You know what made me read Sloane Crosley's first book (which is called "I was told there'd be cake" and is, ultimately, much better than this one)? One of the glossy magazines referred to her as the new Carrier Bradshaw. Funny, sexy, and now a New Yorker.
There is nothing much I can say about this book, which I finished today (one of my friends gave up after the first two essays). I would not recommend it as a book by a comedian or by a woman with a gorgeous sense of humour you can relate to. I don't think there are many people out there who would like to live in a house haunted by ghosts of suicidal prostitutes, or tell sad (almost verging on cruelty) stories about pet animals, or blow up a big deal out of the usage of tampons or pepper sprays. It might all sound good in Ms Crosley's mind, but not so exciting on the paper. The truly worth-reading essay is called "Light Pollution" (published in the Vice magazine some time ago), about the State of Alaska, which made me want to go and see it for myself even more than I wanted to before. But maybe it's just me.
Maybe you will enjoy this book of, in my opinion, quite unsatisfactory collection of stories, which might have had a potential were they not so badly administered by Ms Crosley's language. It seems that she is much too proud of her vocabulary and tends to construct sentences bursting with words that you never hoped to see within one paragraph. The sentences themselves are too long to grasp for a book which is, let's face it, no Booker prize, but merely a beach holiday read. This book is trying hard to be a sophisticated beach read. So sophisticated, that by the time you finish the sentence (that feels as long as a paragraph), you are not quite sure what the storyteller tried to tell us and, frankly, was it worth the effort?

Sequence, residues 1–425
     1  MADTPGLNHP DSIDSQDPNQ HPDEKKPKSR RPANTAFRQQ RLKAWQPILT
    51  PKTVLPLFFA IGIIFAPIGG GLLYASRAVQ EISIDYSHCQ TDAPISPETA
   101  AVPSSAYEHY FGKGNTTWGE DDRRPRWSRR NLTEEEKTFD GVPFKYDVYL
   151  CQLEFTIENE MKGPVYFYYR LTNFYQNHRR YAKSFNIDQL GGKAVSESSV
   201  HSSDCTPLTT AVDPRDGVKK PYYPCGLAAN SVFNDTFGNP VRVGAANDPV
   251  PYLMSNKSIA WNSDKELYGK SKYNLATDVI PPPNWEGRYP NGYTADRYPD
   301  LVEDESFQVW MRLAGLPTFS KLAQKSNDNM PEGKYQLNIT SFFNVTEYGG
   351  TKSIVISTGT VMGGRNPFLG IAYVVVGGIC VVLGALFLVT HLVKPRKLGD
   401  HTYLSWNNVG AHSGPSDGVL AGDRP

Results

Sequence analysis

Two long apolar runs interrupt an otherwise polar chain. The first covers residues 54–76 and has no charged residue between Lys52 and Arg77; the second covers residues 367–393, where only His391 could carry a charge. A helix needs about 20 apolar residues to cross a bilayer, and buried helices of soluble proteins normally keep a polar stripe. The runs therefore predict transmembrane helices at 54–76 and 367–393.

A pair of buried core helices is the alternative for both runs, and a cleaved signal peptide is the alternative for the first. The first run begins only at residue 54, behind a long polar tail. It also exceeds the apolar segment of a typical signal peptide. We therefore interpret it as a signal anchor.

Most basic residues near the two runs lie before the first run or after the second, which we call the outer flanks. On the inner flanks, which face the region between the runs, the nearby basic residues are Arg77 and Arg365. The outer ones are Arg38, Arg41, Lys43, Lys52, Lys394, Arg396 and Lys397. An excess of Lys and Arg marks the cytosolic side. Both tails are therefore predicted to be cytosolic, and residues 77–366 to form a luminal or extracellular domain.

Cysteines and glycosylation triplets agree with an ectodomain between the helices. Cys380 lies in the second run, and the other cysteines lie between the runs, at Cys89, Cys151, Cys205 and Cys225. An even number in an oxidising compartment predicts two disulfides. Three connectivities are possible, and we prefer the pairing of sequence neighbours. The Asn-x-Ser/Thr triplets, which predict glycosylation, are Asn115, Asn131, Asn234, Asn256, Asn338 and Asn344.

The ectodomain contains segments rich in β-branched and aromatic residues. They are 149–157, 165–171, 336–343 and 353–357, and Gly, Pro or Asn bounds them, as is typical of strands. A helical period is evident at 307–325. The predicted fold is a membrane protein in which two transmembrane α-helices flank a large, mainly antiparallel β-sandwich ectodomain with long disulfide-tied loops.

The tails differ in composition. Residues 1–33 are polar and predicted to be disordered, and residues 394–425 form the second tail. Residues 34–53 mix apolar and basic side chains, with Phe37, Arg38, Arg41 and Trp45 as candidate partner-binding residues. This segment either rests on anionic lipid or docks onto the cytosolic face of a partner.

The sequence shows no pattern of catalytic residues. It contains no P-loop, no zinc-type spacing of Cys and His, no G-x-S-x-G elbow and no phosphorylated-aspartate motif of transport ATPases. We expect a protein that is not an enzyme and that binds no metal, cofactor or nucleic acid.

Just when I was about to give up and braced myself for the last essay, not surprisingly called "Off the back of the truck", Sloane pulled a trick I haven't seen before. The story is not about furniture. The story is about relationships, deluded relationships and, to be more precise, break-ups. We have all been through at least one, but I haven't read a story so heartbreakingly real in describing all the break-up cycles you agonize through, all those questions, all those "time heals" mantras. That essay is one amazingly written piece of work of a broken heart. Brava, girl!
Maybe you will find your own gem in this collection of stories. Maybe you will love the book. Good luck. I was left a bit disappointed.
on 19 August 2010
A great funny sharp book that is easily digested as is in essay form - so great for the commute, or (like me) between dealing with the kids!
Sharp observations about living in New York which are easily translatable to any urban single living experience.
I also read 'I was told there'd be cake' which is the same - equally enjoyable, buy both!
on 22 November 2011
'"Some people are just so blasé about everything," Sang sighed.
I said that yes, I had heard of such a person.'
This is a retread. Alarn bells ring when she moves out of her NYC (dis)comfort zone, and when she has an Englishman, elderly at that, say to his wife 'Just do it, Joan' I felt like chucking the book across the room. At least he didn't say 'Deal with it'. Great title though